As Christmas and the winter holiday season approaches, Leigh Hunt comes often to mind. He is a 19th-century English writer who grappled with a question that is as relevant today as it was two centuries ago when Hunt first tried to answer it: how can we celebrate and enjoy ourselves at Christmas when there is so much misery in the world?
Widely known in his lifetime as both a poet and a prose writer, Hunt fought courageously against political injustice and corruption, especially as the editor of the radical Sunday newspaper, The Examiner, and as a contributor to some of the leading liberal magazines of the era.
Virginia Woolf recognized his great contribution to social and cultural reform when she described him as one of those “free and vigorous spirits who advance the world.”
Yet Hunt is perhaps best remembered today as the victim of two malicious literary attacks. Beginning in 1817, the conservative critics of Blackwood’s Magazine tarred him as the ringleader of the so-called “Cockney School of Poetry,” an informal group of London writers that Blackwood’s maligned as vulgar, suburban mediocrities with ideas well above their social station.
Hunt suffered again when his friend Charles Dickens caricatured him in his great novel Bleak House as the insolvent and unscrupulous Harold Skimpole. It was an unfair portrait that has nevertheless endured because it successfully, if callously, exploited two central aspects of Hunt’s character: his dedication to beauty and his irresponsible attitude toward money.
At the heart of Hunt’s writings is a double-bind: How to reconcile a dedication to the world of action and unfairness with an equally strong devotion to art and poetry. When Hunt loses his way, his negotiation of this crux produces essays that are sentimental and naive.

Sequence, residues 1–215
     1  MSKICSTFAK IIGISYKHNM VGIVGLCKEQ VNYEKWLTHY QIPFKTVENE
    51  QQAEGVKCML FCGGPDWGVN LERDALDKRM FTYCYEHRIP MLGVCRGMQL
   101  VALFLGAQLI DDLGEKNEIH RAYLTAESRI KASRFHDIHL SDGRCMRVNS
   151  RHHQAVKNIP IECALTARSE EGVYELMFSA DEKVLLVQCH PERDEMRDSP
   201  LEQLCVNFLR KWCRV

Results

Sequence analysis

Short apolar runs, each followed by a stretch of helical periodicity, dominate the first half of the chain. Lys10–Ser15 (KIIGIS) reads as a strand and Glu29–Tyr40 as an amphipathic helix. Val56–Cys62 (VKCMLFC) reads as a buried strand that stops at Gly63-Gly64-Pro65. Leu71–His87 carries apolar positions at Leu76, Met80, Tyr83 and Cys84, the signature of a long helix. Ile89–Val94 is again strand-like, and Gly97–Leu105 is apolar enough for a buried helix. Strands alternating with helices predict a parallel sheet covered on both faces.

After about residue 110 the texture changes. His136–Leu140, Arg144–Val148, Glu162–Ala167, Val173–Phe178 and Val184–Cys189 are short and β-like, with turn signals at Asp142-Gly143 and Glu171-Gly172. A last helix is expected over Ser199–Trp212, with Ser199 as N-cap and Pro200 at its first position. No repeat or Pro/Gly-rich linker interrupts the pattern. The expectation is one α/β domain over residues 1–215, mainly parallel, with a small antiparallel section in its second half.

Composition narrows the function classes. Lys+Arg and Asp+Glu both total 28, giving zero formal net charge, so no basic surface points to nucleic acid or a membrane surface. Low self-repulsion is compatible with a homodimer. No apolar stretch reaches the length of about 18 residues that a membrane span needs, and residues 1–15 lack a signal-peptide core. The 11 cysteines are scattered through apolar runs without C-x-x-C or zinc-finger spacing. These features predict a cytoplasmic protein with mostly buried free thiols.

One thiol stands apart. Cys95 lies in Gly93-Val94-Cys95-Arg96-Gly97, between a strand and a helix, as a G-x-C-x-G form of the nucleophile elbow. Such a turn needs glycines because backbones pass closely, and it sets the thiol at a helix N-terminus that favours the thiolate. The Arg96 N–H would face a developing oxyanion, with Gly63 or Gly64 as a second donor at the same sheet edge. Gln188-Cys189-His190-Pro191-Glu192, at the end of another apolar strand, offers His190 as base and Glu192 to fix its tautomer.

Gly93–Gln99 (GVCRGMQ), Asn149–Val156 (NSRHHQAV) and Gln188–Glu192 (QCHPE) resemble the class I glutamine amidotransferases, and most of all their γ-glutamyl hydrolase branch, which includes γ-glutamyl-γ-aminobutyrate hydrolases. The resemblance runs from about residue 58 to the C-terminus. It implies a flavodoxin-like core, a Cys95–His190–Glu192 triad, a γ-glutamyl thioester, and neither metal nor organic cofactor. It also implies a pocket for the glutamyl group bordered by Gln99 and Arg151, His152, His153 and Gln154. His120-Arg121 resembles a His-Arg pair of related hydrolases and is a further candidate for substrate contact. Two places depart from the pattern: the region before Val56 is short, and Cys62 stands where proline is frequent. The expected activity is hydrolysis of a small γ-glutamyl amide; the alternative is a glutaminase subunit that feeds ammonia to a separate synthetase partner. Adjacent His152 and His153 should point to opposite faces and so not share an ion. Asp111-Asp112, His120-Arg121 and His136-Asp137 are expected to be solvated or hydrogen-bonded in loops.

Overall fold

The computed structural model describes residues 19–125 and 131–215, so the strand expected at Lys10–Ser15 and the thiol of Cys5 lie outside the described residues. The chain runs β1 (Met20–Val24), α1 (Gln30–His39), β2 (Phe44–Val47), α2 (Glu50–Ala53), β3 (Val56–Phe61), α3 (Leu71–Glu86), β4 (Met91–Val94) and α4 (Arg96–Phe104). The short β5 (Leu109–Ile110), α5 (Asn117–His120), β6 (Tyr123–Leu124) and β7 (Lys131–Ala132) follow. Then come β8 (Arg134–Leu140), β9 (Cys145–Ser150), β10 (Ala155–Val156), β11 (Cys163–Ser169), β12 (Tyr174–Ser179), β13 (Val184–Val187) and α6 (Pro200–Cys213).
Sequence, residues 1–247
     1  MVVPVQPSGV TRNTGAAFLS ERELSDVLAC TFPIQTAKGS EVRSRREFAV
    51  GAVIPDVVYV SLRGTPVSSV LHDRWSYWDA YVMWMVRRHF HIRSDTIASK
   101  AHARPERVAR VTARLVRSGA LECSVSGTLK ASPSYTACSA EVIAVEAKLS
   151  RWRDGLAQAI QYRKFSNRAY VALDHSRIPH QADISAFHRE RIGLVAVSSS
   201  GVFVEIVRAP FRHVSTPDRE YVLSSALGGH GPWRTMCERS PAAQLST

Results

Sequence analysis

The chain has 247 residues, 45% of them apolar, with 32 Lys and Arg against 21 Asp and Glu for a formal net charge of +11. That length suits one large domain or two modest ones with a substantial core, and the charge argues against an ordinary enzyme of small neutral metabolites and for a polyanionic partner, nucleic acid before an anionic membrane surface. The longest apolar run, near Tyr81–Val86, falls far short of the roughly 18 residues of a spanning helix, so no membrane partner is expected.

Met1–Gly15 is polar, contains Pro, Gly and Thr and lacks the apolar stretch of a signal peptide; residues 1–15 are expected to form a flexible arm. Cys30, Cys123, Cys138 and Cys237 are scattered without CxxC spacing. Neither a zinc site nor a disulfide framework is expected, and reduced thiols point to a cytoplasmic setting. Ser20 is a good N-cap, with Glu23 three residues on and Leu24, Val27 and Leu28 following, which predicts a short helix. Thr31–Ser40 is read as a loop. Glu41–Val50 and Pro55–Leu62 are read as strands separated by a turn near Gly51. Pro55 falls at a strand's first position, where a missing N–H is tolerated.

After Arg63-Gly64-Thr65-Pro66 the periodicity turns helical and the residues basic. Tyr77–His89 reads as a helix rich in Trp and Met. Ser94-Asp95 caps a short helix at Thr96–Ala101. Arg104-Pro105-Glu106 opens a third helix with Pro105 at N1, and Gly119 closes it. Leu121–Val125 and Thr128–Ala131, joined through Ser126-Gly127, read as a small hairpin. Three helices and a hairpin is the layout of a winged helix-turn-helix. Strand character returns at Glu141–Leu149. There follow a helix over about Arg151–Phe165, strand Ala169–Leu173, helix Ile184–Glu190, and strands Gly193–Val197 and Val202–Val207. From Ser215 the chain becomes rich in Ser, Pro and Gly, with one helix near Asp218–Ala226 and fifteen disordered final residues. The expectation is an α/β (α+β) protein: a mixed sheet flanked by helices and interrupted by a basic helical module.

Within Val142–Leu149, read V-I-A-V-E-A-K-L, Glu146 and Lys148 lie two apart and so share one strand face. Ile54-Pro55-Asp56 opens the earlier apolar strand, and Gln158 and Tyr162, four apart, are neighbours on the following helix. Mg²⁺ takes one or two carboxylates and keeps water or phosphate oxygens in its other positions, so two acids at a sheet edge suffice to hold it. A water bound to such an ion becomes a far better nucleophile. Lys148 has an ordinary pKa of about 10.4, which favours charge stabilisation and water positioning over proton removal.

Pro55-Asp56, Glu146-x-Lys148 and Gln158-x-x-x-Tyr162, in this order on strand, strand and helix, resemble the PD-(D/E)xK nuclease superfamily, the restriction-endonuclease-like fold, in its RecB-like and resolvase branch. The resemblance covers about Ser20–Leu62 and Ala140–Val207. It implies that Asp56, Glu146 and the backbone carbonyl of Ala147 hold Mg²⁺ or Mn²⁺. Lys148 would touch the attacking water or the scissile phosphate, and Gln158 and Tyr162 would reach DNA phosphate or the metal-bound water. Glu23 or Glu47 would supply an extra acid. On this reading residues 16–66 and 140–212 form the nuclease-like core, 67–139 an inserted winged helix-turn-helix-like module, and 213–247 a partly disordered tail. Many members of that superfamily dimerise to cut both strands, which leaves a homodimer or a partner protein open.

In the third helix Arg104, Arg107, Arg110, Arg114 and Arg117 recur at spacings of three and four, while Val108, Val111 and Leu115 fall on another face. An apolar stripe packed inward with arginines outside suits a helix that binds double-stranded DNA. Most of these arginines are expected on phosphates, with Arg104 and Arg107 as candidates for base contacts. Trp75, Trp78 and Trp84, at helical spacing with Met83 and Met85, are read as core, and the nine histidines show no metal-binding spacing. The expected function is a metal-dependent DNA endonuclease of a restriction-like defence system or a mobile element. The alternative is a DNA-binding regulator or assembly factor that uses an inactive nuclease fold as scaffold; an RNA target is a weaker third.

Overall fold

But in much of his finest writing Hunt combines the political and the esthetic, for in his eyes a love of beauty is deeply consonant with a love of freedom.
“Politics,” he believes, “are a part of humane literature; and they who can be taught to like them in common with wit and philosophy, insensibly do an infinite deal of good by mingling them with the common talk of life.”
Hunt is very good on holidays. Over the course of his career he wrote compellingly on New Year’s Eve, Twelfth Night, Valentine’s Day, Easter and May-Day, as well as several essays on Christmas.
Ideals on Christmas Day
My favourite is simply entitled “Christmas Day,” and Hunt first published it in his newspaper, The Tatler, on Dec. 25, 1830. In the essay, he devotes much of his time to describing the food and festivities that accompanied the celebration of Christmas in England almost 200 years ago.
But before he gets to these topics, he has — characteristically — “a word or two to say of a graver tendency.” He considers the “enjoyment, or relief” of the festive season, and then considers the despair evident in so many people and so many places. “It appears to us that we ought not to take” a break, he writes. Is it right to spend, laugh, relax and revel when there are so many people who live in isolation, fear and poverty?
The shortest answer, Hunt affirms, is that you do not defeat sadness by adding to its sum total. “It would be a great pity,” he observes, “were there no sunshine in one place, because there is rain in another.”
To do good, to stay strong and constructive, to ensure that love defeats anger in as many instances as possible, “it is part of your duty to enjoy what pleasures you can, not inconsistent with others’ welfare or your own.”
Hunt in his life knew betrayal, penury, derision and injustice. But he also knew many people who had less and suffered more. Even in circumstances that many of us would find utterly overwhelming, Hunt celebrated what remained available to him, sometimes mawkishly, but more often in the gritty realization that giving into despair helps no one.
For Hunt, we should make every effort to realize the happiness in our own lives that we would wish to bestow on every life. He knew that the “best hearted joy may sometimes forget others.” Hunt asks us not to forget others, and to embrace the pleasures in our own lives as a means of deepening and renewing our commitment to bettering the lives of others.
His ideals – in “Christmas Day” and far beyond – were compassion, acceptance and equality. “The great point,” he declares, “is to lift the whole world if you can, and trample on nobody.”